Damien Hirst, ‘Beautiful Romance in the Age of Uncertainty Party Painting III’, 2003, Phillips

Property of an Important Asian Collector

From the Catalogue:
Created in 2003, eleven years after the artist’s first foray into spin art, Beautiful Romance in the Age of Uncertainty Party Painting III is a vibrantly coloured, predominantly red, painting from one of Damien Hirst’s most iconic series. With additional elements of green and yellow, this work springs, explodes and catapults outwards from the centre of its circular canvas, capturing the sense of spontaneity essential to the series. In 1993, Hirst collaborated with Angus Fairhurst on A Féte Worst than Death, an artist-led street fair in Shoreditch, London, curated by Joshua Compston. The artists installed a makeshift spin painting station where they invited visitors to pay £1 to create their own spin paintings, to be signed by the pair. Reflecting on this early performance installation, Gregor Muir recounts that for Hirst, spin paintings “proved too useful to be left behind, resulting in his subsequent ‘Spin Painting' series (Gregor Muir and Clarrie Wallis, In-A-Gadda-Da-Vida, Tate Britain, London, 2004, p. 91).

The artist describes the spin series as “childish… in the positive sense of the word.They are each given a playful, elongated title bookended by the words ‘Beautiful’ and ‘painting’." (Damien Hirst and Gordon Burn, On the Way to Work, Faber and Faber: 2001, 221) Hirst credits the inspiration for these works to seeing the spin technique as a child at a school fair. Despite the simplicity of its origins, Beautiful Romance in the Age of Uncertainty Party Painting III challenges the use of spontaneity and irreverence in art. The Spin Paintings form a foundational element of Hirst's artistic vocabulary, contributing to seminal exhibitions including his 2012 retrospective at Tate Modern.

Though the reliance on chance in the present lot provides a stark contrast to the meticulous process of Hirst’s other well-known series of spot paintings, both bodies of work deal with the concept of mechanical intervention. To produce these large-scale works, paint is poured from a height onto the large canvases as they are rotated at high speed by a machine in the artist’s studio. Hirst’s use of a rotating machine references the optical experiments of Marcel Duchamp from the 1920s and 30s. Although Duchamp employed spinning turntables and other motorised devices as a means of creating optical illusions, Hirst's contemporary use of the spin machine focuses on the joy inherent to movement. A prominent member of the influential Young British Artists of the late 1980s and 90s, Hirst has since become one of the most internationally acclaimed artists of his generation.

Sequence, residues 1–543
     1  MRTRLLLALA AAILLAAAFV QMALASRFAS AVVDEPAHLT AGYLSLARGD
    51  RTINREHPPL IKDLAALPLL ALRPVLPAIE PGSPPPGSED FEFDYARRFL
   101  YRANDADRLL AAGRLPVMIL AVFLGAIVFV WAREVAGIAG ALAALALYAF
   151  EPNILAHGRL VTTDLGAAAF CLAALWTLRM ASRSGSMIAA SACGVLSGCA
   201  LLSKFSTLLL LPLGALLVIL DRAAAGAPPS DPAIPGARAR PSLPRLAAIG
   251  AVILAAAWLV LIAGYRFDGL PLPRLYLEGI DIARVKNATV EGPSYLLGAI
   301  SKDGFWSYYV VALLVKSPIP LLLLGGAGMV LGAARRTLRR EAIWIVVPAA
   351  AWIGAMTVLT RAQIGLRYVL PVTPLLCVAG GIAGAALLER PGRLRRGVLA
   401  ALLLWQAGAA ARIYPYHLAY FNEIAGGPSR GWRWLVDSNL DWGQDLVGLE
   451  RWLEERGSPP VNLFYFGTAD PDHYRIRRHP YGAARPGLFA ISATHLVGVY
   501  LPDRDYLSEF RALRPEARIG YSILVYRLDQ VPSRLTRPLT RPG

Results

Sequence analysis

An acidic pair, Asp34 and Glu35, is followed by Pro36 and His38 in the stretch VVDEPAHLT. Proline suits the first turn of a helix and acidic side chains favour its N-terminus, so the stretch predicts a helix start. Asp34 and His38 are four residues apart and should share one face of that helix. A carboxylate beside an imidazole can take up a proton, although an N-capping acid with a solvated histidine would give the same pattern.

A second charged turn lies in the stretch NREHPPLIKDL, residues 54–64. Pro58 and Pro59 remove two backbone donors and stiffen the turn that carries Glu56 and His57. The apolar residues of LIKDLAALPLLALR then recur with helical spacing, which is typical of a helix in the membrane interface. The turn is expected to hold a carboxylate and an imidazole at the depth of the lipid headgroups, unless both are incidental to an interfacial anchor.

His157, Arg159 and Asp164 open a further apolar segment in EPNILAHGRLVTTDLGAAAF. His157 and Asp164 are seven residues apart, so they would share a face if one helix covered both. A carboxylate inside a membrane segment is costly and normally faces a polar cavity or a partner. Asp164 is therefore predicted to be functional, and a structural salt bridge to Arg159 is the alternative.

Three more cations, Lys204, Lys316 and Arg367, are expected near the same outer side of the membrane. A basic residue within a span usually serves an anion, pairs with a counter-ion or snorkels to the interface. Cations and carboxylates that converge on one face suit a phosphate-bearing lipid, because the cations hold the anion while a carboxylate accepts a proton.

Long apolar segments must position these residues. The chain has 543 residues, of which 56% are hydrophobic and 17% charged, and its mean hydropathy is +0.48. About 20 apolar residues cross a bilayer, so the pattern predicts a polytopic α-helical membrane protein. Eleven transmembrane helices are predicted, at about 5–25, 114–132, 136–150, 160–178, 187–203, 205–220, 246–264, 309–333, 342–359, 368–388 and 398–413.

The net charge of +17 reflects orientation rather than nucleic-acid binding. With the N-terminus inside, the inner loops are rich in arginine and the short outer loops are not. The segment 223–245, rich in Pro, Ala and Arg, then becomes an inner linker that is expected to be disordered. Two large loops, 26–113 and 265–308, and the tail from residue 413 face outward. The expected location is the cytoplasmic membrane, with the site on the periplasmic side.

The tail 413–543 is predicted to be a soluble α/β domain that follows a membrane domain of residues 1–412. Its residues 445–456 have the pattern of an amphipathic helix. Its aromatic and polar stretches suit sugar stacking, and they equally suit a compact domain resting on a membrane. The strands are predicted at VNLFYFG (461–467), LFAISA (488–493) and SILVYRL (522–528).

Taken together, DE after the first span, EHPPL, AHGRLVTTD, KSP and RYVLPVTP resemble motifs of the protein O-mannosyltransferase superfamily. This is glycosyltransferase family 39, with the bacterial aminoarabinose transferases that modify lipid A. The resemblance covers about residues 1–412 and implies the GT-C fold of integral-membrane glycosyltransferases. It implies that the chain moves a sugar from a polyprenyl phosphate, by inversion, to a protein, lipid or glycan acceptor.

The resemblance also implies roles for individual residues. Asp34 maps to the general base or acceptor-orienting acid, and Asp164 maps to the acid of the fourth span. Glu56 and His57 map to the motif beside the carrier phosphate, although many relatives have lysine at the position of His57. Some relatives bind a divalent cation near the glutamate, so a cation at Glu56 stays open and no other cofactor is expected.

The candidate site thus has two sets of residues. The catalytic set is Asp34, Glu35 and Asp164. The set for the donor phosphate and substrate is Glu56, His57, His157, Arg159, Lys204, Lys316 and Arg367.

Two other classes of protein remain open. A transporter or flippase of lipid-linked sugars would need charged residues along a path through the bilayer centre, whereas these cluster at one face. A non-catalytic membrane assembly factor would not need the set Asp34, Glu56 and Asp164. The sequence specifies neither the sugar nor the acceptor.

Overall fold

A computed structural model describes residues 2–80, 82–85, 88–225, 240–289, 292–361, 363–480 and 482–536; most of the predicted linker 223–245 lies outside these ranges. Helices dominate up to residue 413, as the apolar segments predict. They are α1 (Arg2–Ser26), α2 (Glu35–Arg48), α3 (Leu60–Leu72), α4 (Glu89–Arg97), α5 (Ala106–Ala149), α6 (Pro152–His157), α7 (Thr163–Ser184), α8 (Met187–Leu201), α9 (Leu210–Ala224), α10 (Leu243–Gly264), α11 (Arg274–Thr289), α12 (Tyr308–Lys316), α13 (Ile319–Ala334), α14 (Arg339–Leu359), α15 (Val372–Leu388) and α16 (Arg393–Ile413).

In Beautiful Romance in the Age of Uncertainty Party Painting III, Damien Hirst continues to encourage emotive, instinctual reactions to his work – here inciting feelings of glee and wonder.
Courtesy of Phillips

White Cube Gallery, London
Kukje Gallery, Seoul
Private Collection
Christie’s, Shanghai, 24 October 2014, Lot 221
Acquired at the above sale by the present owner

About Damien Hirst

Damien Hirst first came to public attention in London in 1988 when he conceived and curated "Freeze," an exhibition in a disused warehouse that showed his work and that of his friends and fellow students at Goldsmiths College. In the nearly quarter of a century since that pivotal show (which would come to define the Young British Artists), Hirst has become one of the most influential artists of his generation. His groundbreaking works include The Physical Impossibility of Death in the Mind of Someone Living (1991), a shark in formaldehyde; Mother and Child Divided (1993) a four-part sculpture of a bisected cow and calf; and For the Love of God (2007), a human skull studded with 8,601 diamonds. In addition to his installations and sculptures, Hirst’s Spot paintings and Butterfly paintings have become universally recognized.

British, b. 1965, Bristol, United Kingdom, based in London, United Kingdom